2. Case Presentation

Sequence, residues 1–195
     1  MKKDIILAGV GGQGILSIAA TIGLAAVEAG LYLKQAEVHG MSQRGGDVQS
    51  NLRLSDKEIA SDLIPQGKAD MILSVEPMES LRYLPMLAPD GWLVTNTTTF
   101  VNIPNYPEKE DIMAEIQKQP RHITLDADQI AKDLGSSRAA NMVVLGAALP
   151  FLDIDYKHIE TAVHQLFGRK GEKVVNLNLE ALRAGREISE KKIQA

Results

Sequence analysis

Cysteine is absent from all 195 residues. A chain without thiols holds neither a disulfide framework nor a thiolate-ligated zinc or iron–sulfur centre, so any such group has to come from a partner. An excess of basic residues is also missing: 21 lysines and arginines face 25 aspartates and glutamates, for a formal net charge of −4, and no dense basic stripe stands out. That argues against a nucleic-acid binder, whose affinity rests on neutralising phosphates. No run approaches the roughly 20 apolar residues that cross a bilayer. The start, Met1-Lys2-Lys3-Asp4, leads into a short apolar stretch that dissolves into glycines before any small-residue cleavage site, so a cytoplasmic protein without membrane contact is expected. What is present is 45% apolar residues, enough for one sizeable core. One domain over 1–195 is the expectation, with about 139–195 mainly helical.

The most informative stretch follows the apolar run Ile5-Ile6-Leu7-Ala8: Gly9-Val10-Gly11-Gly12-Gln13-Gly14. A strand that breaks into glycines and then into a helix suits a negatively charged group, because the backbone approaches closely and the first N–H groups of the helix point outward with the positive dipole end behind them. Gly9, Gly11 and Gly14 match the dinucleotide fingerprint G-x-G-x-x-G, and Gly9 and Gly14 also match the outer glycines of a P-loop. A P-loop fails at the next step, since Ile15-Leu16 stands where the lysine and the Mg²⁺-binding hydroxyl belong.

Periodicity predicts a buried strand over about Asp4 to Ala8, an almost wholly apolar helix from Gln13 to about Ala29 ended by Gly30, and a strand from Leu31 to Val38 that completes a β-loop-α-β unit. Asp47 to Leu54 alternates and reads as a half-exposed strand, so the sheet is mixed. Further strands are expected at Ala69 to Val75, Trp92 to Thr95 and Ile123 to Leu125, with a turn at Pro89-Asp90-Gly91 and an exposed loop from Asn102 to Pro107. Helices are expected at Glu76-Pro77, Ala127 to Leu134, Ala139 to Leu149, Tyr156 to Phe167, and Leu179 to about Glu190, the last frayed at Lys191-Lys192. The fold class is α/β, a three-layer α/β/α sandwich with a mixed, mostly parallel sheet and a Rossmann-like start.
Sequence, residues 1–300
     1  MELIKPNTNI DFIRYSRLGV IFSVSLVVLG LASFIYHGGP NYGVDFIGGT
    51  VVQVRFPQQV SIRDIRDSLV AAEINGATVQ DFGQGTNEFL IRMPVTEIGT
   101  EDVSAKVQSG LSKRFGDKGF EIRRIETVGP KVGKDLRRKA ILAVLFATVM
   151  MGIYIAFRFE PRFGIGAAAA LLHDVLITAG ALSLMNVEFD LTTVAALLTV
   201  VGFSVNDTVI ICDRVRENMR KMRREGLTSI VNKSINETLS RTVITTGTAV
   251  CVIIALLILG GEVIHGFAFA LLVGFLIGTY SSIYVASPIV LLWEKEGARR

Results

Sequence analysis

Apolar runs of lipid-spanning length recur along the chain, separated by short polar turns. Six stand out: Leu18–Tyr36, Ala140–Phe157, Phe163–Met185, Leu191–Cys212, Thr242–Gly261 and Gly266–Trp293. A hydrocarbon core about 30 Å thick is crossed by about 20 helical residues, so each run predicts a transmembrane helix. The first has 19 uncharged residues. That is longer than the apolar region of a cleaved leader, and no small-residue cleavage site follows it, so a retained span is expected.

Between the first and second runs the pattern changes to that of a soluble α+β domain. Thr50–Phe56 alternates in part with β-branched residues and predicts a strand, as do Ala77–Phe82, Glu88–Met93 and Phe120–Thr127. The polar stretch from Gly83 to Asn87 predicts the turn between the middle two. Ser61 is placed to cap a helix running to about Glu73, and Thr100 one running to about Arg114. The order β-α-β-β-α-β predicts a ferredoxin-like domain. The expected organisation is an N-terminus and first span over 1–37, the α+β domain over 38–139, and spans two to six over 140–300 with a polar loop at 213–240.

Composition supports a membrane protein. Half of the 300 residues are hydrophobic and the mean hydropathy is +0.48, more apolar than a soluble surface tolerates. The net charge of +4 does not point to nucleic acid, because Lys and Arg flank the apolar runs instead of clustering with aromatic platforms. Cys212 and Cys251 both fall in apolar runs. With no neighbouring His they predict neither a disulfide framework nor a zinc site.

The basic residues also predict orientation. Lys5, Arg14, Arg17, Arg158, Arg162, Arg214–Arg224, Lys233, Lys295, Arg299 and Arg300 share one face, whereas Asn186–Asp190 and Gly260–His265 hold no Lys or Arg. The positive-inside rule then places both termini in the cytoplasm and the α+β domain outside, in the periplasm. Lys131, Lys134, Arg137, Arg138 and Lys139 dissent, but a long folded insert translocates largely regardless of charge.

A fifty-three year-old man presented to the emergency department complaining of nausea and vomiting from two days ago and mild confusion. He had a history of type II diabetes mellitus that was being managed with an oral hypoglycemic agent (metformin), and chronic alcohol misuse for ten years. The laboratory findings showed anemia, leukocytosis, and an elevated level of alanine aminotransferase and lactic acid with hyperammonemia and hypoalbuminemia. Contrast-enhanced abdominal computed tomography (CT) scan was performed to evaluate underlying liver disease and causes of gastrointestinal symptoms. CT scan revealed a left infrahepatic IVC including infrarenal, renal, and suprarenal segments coursing straightly upward even after joining the left renal vein until it reached the retrohepatic area. Then it crossed over to the right to form a normal right-sided IVC and entered the right atrium. There were several intrahepatic anastomotic channels between the left IVC and the left hepatic vein (HV). However, abnormal enhancement of the liver related to the intrahepatic anastomoses was not seen on postcontrast images. Besides, situs ambiguous with polysplenia was detected. Centrally-located liver extending to both sides, multiple spleens in the left upper quadrant posterolateral to the stomach, and a truncated pancreas with only a visible pancreatic head on the right side was present. Intestinal malrotation was also detected (Figure 1). Other subsidiary findings were fatty liver and periportal lucency. Thorax CT scan was also performed for further work-up, and it revealed situs solitus with levocardia, a normal anatomic state, with a normal trilobed right lung and a bilobed left lung.